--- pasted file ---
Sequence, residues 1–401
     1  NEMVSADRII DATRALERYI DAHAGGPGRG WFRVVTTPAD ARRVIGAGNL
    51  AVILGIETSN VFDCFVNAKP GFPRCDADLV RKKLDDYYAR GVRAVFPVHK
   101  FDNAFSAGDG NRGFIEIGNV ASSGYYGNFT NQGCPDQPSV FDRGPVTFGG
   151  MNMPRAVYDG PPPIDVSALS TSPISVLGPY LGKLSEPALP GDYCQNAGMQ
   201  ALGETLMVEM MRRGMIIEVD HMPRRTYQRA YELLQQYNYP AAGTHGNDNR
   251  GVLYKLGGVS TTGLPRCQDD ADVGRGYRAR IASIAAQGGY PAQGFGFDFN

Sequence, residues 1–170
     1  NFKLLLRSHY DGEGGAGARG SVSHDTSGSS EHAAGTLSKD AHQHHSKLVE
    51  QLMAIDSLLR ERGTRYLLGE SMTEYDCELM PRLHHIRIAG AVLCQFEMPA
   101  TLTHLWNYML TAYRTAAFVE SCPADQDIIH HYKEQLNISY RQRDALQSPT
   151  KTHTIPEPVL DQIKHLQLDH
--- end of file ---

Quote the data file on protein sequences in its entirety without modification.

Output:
Sequence, residues 1–401
     1  NEMVSADRII DATRALERYI DAHAGGPGRG WFRVVTTPAD ARRVIGAGNL
    51  AVILGIETSN VFDCFVNAKP GFPRCDADLV RKKLDDYYAR GVRAVFPVHK
   101  FDNAFSAGDG NRGFIEIGNV ASSGYYGNFT NQGCPDQPSV FDRGPVTFGG
   151  MNMPRAVYDG PPPIDVSALS TSPISVLGPY LGKLSEPALP GDYCQNAGMQ
   201  ALGETLMVEM MRRGMIIEVD HMPRRTYQRA YELLQQYNYP AAGTHGNDNR
   251  GVLYKLGGVS TTGLPRCQDD ADVGRGYRAR IASIAAQGGY PAQGFGFDFN

Sequence, residues 1–170
     1  NFKLLLRSHY DGEGGAGARG SVSHDTSGSS EHAAGTLSKD AHQHHSKLVE
    51  QLMAIDSLLR ERGTRYLLGE SMTEYDCELM PRLHHIRIAG AVLCQFEMPA
   101  TLTHLWNYML TAYRTAAFVE SCPADQDIIH HYKEQLNISY RQRDALQSPT
   151  KTHTIPEPVL DQIKHLQLDH